Still, normal life would require implementing robust testing in every part of the US.

“At the end of the initial quarantine period, schools could reopen with daily temperature checks for students and staff, as well as weekly testing, so that any new outbreaks could be rapidly identified and contained,” the plan’s authors wrote.

People not in a “high-risk” population for the virus could start moving freely again, but their movements on public transport would be tracked with “privacy-protective QR scanning,” the plan said.

They added that movements in public spaces should be monitored by thermal scanners, similar to what’s underway in Taiwan.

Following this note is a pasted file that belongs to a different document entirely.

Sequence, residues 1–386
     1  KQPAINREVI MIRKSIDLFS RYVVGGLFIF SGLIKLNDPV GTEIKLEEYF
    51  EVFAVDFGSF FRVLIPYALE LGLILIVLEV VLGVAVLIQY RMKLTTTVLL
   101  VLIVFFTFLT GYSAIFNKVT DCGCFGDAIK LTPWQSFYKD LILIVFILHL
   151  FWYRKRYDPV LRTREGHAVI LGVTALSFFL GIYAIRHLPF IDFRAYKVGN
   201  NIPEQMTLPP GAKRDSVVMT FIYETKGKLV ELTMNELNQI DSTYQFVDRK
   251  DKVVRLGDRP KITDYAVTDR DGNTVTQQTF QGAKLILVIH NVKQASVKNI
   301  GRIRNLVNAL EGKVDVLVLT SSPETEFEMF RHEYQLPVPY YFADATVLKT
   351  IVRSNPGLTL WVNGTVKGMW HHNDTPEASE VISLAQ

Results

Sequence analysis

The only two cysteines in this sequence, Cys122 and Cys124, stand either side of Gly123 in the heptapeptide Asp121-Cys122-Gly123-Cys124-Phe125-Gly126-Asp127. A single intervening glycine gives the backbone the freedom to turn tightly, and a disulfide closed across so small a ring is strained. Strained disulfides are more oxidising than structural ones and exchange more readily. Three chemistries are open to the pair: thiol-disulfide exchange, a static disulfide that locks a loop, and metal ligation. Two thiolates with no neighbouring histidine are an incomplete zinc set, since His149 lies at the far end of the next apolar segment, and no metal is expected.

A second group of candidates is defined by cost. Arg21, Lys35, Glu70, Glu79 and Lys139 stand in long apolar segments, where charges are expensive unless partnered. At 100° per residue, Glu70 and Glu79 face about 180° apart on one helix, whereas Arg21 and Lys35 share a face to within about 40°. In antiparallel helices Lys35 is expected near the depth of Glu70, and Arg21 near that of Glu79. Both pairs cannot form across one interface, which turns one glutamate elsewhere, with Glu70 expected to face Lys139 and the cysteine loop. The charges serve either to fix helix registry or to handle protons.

The plan also allows for a second period of social distancing that could occur in the winter, lasting anywhere from one to three months, depending how aggressively the virus is spreading among Americans.

The AEI said public gatherings should be kept to fewer than 50 people at a time and public spaces should be regularly disinfected.

Workers disinfecting.

The plan laid out by the AEI broke down reopening the economy into several phases.

But the think tank said individual states could move on to “Phase II” after a 14-day sustained drop in coronavirus cases and assurance of their ability to “safely diagnose, treat, and isolate COVID-19 cases and their contacts.”

“During this phase, schools and businesses can reopen, and much of normal life can begin to resume in a phased approach,” the authors wrote.

The AEI said that limited social distancing would still need to be in place as the economy reopened, particularly for older adults at higher risk from the virus.